Earlier this month an honorable 85 graduate students at the Raymond A. Mason School of Business at William & Mary were inducted into the worldwide Beta Gamma Sigma Honor Society for excellence in business education. The graduate students heard from one of our very own MBA students, Karen Jackson '91, who eloquently stressed the importance of a service mentality and the relentless pursuit of knowledge. She urged the honorees to be open and resilient, telling them "you're stronger than you think. There will be tough days, there is absolutely no doubt that you will have them - everyone does, but you will pull through. They'll be hard, but you'll make good choices, but always make those choices based on the lessons you've learned here." Ms. Jackson was proud to welcome the newest inductees into the ranks of such a time-honored tradition.
Jackson, currently the President of Apogee Strategic Partners particularly stressed one piece of advice: "continue to learn, continue to be hungry for knowledge, and continue to be hungry to embody the service mentality that you gained while you were here at William & Mary."
"Don't ever think that the day you walk out of this institution is the last day you will learn," she said. "Continue on that journey - each and every day, learn something new."
The 85 graduate students have distinguished themselves through outstanding academic performance and achievement in the study of business and management while at the Mason School. They rank in the top 20 percent of their graduating class.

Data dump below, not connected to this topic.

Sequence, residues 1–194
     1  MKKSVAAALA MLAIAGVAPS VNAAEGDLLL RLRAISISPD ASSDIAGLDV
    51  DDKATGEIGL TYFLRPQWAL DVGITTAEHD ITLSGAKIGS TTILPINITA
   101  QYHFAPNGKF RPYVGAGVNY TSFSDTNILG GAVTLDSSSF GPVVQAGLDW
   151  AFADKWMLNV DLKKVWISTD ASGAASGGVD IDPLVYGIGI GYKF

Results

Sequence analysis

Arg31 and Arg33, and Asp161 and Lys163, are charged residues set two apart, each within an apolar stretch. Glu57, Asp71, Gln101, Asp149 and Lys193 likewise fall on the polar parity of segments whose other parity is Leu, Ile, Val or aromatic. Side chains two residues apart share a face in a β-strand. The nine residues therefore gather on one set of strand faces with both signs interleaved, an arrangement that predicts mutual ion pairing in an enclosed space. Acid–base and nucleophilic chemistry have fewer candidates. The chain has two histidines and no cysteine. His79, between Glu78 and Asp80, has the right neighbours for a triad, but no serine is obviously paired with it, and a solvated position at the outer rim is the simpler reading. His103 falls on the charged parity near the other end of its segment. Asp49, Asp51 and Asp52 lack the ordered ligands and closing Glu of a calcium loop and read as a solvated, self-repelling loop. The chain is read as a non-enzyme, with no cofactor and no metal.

Founded in 1907, Beta Gamma Sigma is a global network of more than 830,000 lifetime "Best in Business" members spread across more than 190 countries. The scholastic honor society is dedicated to principles and ideals it considers essential to living a worthy life and pursuing a commendable business career. It connects students from more than 599 collegiate chapters worldwide. William & Mary's chapter was formed in 1973 and has recognized more than 2,200 graduate and undergraduate students.
The honorees, along with their friends and families, sat in the pews of the historic chapel in the Wren Building. Professor William Stauffer, Clinical Associate Professor and faculty advisor of Beta Gamma Sigma, stepped up to begin the ceremony.
"Look around you," he told the students. "This is the best of the best."
Three professors, Debra Hewitt, Alexander Woods, and James Bradley, explained the meaning behind the letters of Beta Gamma Sigma: Beta signifies honor, Gamma stands for wisdom, and Sigma represents earnestness. The importance of the ceremony and the event were not lost on the students.
It was a beautiful event wrought with energy and pride. As the near-spring evening eclipsed the service, students retired to the Great Hall for a reception and a glorious sunset upon the Sunken Garden.
Hosting Beta Gamma Sigma's Ceremony in the Wren Building continues to build upon the heritage of our great nation and furthers the story of our incredible legacy. Congratulations, inductees - you are each a part of this tradition.